A beautiful 76cm specimen caught on an atomic K9 bulldog from the yak.


Classic toga water and no better way to cover it than on a kayak.

Launching a kayak not only gives an angler the advantage of stealth but also allows the angler to paddle right up the middle of the stream and cast at the shaded structure on each bank. Saratoga have excellent eye site and do spook very easily. You can cast for them off the bank as well but the same applies. Be stealthy, wear neutral/earthy colours, try and limit the amount of noise you make (ie talking/laughing with your fishing buddy) and make sure you obtain the property owner’s permission if you are walking a river bank situated on private property. Despite their feisty appearance, Saratoga aren’t the greatest scrappers. When it comes to fighting ability, they remind me a lot of a large flathead whereby they will have a couple of short, fast runs but then will come in like a bit of a “dead-weight”. However, their leap can be extraordinary. Rods around 2-4kg or 3-5kg are perfect for toga. That being said, I like to use a 3-6kg rod mainly due to the abundant large, hard fighting sooty grunter that dominate these locations as well. I also use a combination of my Shimano Stella 2500FI or my Stella 3000FE pending on the rod I am using on that particular occasion. These are matched up with either 8lb or 10lb braid and 14lb leader. It’s not uncommon for people to use leaders up to 20lb for them as well due to their very sharp, aggressive teeth.

Good news and the bad ….


Matching the hatch between the Megabass Siglett and the real thing. The noise emitted by these cicadas was absolutely deafening on this day.


This specimen ate an atomic shiner hardbody worked deeper in the water column throughout the warmer part of the day.

Whilst you are now prepped and keen to chase a few toga, here is the bad news. Be prepared for more than a little frustration as you will almost certainly hook many more toga than you actually land….Saratoga have a very bony, platy mouth full of teeth and it is actually very difficult for your hooks to find a bit of flesh to imbed into. For this reason, many people I know will run a stinger hook that trails back a bit further in a bid to try and hook the bit of flesh found just beyond the jaw area. You will need to ensure your hooks (trebles or singles) are razor sharp. Also, thinner gauged hooks will have a better penetration rate. It’s a fine art finding a treble hook that is thin enough to maximise penetration in a toga’s bony mouth, yet not compromise the strength for when a beefy sooty grunter takes your offering. These black footballs are very plentiful in these same waters, will occupy the same structure and will bend out an inferior or thin treble without much trouble at all.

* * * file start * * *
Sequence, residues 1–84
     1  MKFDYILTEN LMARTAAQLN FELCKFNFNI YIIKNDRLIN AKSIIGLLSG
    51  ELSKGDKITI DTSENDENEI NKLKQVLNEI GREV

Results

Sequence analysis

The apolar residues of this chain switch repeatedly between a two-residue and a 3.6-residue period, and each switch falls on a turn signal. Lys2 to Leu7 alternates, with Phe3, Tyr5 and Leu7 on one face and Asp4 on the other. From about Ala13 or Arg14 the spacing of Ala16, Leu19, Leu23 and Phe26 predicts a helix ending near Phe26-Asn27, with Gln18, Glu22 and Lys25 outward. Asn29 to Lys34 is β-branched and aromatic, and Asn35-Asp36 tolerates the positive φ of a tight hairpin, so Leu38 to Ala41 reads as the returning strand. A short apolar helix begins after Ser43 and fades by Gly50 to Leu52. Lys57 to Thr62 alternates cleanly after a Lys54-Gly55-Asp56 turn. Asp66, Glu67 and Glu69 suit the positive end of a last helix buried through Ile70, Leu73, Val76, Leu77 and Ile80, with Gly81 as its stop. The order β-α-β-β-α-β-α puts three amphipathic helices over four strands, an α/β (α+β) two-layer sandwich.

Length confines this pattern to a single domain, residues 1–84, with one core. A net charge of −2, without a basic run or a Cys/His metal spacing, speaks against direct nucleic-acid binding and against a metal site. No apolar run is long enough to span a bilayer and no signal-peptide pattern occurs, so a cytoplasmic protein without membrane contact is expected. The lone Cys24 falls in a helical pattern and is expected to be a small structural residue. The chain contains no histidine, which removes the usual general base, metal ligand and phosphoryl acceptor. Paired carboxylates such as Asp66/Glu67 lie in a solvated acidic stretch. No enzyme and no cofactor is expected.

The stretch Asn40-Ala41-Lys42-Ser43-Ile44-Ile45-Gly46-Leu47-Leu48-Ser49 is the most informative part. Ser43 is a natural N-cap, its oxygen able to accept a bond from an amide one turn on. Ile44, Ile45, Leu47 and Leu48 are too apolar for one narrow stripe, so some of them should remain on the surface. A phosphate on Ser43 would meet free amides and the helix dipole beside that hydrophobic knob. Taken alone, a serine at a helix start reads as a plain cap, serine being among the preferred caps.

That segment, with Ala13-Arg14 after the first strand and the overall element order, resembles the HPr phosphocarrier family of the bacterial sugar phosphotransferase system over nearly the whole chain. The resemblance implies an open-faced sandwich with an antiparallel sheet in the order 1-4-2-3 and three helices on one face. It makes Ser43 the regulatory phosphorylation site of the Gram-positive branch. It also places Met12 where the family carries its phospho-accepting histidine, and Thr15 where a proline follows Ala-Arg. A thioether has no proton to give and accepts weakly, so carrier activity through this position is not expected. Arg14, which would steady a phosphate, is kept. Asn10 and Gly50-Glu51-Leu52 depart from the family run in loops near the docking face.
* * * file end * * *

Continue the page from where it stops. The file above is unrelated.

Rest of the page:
Finally … let ’em go

Saratoga are very bony and are not good table fare at all. I strongly recommend releasing all of them, back to the water. Plus, they are way too awesome looking to catch just once. I hope these few tips may be beneficial when you take the time to target those tricky toga. Everyone has to catch one of these fish at one point in their lives. When you do catch one, I will guarantee that you will sit back for a few seconds and just look in awe at the beauty of these awesome fish.